AMMAN (Reuters) - Jordan said a decision to end subsidies on staple pitta bread that will lift its prices by between 60 and 100 percent will take effect on Saturday, the first such step in over two decades to ease the country’s budget woes.
The price of a kilo of white pitta bread was raised 60 percent to 0.40 dinars from 0.25 dinars and prices of large pita bread were nearly doubled. Other types of bread that most middle class Jordanians consume are not affected. Mechanism have set up to offset the impact on the poor by cash transfers.
The move, which takes effect after midnight, is the first major increase since 1996. A move to raise prices then sparked civil unrest when the government was forced to push for it to comply with International Monetary Fund requirements for extending new credit.
Protests also erupted in 2012 after the government cut fuel subsidies to secure an IMF loan. That loan was intended to rein in a budget deficit that threatened the country’s fiscal and monetary stability.
The authorities have been saying bread subsidies were benefiting foreign workers and Syrian refugees living in the country and the money that was saved would be given to Jordanians in cash transfers.
The government says bread prices - among the cheapest regionally - had encouraged waste. It expects the move will reduce consumption.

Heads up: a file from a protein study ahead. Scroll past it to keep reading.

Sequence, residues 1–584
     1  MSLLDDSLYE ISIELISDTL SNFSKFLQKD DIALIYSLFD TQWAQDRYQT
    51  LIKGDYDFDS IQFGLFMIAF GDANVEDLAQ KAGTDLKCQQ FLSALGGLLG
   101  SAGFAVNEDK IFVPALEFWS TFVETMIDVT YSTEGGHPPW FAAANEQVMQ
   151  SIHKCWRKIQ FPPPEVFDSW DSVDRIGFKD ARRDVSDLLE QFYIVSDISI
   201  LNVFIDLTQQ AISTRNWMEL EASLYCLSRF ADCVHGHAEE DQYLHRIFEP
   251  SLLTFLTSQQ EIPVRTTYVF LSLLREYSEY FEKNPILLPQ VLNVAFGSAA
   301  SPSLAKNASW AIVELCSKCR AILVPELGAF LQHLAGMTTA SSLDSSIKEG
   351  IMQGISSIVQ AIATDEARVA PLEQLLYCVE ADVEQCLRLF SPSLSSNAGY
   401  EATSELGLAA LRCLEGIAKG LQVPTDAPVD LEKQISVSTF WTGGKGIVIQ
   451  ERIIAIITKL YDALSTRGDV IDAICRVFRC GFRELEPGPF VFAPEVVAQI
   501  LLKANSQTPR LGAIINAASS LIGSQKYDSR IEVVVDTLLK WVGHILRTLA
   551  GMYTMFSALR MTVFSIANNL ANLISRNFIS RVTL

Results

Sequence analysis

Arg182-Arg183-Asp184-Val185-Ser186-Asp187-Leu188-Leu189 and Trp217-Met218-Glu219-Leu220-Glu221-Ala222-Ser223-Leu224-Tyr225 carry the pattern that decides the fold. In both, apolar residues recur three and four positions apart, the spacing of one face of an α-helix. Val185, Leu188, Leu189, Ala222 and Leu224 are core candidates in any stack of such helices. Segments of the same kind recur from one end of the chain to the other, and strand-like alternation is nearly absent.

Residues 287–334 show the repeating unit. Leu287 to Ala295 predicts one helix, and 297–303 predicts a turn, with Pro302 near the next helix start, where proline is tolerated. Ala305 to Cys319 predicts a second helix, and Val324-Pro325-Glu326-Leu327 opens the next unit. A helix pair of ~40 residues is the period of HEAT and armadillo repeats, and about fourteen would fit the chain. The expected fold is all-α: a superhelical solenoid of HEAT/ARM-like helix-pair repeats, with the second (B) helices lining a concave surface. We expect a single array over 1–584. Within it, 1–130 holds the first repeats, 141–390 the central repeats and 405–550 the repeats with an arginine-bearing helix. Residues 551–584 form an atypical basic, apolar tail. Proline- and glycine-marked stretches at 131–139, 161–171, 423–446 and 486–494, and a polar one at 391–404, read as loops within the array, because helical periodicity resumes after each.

The bread move comes 10 days after Jordan’s cabinet announced a major package of IMF-guided tax hikes it says are needed to gradually lower public debt and rejuvenate an economy hit by regional conflict [nL8N1PA56A].
Although the IMF didn’t seek lifting bread subsidies this time, it has long said Jordan’s costly subsidy system was increasingly untenable without large inflows of foreign capital or foreign aid.
Tax hikes and subsidy cuts - highly unpopular - have been forced on the government as the country’s debt-to-gross-domestic-product ratio has reached a record 95 percent, up from 71 percent in 2011.
After an IMF standby arrangement that brought some fiscal stability, Jordan agreed last year to a more ambitious three-year program of long-delayed structural reforms to cut public debt to 77 percent of GDP by 2021.
The debt has grown at least in part because successive governments have adopted expansionist fiscal policies characterized by job creation in the bloated public sector and by lavish subsidies for bread and other staple goods.
But the economy has slowed, battered by the turmoil in neighboring Syria and Iraq. The economic strains have reduced local revenue and foreign aid, forcing Jordan to borrow heavily externally and also resort to more domestic financing.
Reporting by Suleiman Al-Khalidi; Editing by Matthew Mpoke Bigg, Larry King